THE location of mobile phone detection cameras in the region may not have been revealed, but they'll be switched on from this Sunday, December 1.
The fixed and relocatable cameras are part of a statewide rollout following successful trials in Sydney earlier this year.
During the trials, around 8.5 million vehicles were checked with 100,000 drivers caught using their phone while driving.
For the first three months a warning letter will be issued to drivers caught using their phone, after that motorists will cop a hefty fine.
The penalty is five demerit points and a $344 fine ($457 in a school zone). The penalty increases to 10 demerit points during double-demerit periods.
Road safety expert Matthew Irvine praised the camera rollout and said the technology would save lives.
If you have your eyes off the road for two seconds at 100km/h you'll travel 56 metres.Road safety expert Matthew Irvine
"If you have your eyes off the road for two seconds at 100km/h you'll travel 56 metres," he said.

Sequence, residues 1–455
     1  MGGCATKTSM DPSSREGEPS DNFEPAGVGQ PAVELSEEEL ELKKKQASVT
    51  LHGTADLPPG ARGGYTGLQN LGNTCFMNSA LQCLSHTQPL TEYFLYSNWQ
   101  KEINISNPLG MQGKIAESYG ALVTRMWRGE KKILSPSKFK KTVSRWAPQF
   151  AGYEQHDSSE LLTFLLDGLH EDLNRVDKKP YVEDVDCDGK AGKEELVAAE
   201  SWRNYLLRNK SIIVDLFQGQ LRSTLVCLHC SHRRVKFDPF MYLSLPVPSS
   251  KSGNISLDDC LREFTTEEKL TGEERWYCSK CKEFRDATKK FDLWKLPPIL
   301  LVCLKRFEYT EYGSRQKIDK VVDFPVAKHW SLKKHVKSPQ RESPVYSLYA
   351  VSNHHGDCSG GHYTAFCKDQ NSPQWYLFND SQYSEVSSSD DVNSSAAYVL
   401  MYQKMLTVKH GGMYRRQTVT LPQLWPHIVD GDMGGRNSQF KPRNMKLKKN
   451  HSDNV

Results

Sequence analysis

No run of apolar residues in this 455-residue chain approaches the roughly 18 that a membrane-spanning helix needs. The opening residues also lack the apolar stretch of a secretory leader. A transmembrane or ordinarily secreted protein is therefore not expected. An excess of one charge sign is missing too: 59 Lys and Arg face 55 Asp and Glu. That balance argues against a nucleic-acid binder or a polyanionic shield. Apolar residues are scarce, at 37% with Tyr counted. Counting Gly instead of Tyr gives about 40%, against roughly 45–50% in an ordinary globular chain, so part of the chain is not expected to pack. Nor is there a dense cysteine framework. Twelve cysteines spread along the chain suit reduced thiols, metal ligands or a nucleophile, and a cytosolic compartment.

"In that time you could drive a wheel off the edge of the verge or you could drift over the other side of the road.
"Cars have never been safer, but we're eroding any benefit of this technology by our bad driving habits."
Mr Irvine said warning signs should not be erected at individual camera sites, but that signs saying cameras were in a section of upcoming road would deter most motorists.
GALLERY: Caught out behind the wheel
"There are people who literally cannot control their need to touch their phone and this [the cameras] will not deter some people," he said.
"Habitual offenders will keep doing it until they're caught and then they might think again."
Regional Roads Minister Paul Toole told Australian Community Media in September that a mix of fixed and relocatable cameras would be used in city and regional areas.
"We're finding that with fatalities on our roads, 70 per cent are in the bush and mobile phone use is one of the three big killers," he said.
Mr Toole said people using their phone while driving were not only putting themselves at risk but other road users as well.
"There is a really bad culture in this country of using your phone while driving and we have to stop it," he said.
"The money generated through the use of these cameras will go back into road safety campaigns and saving lives on country roads."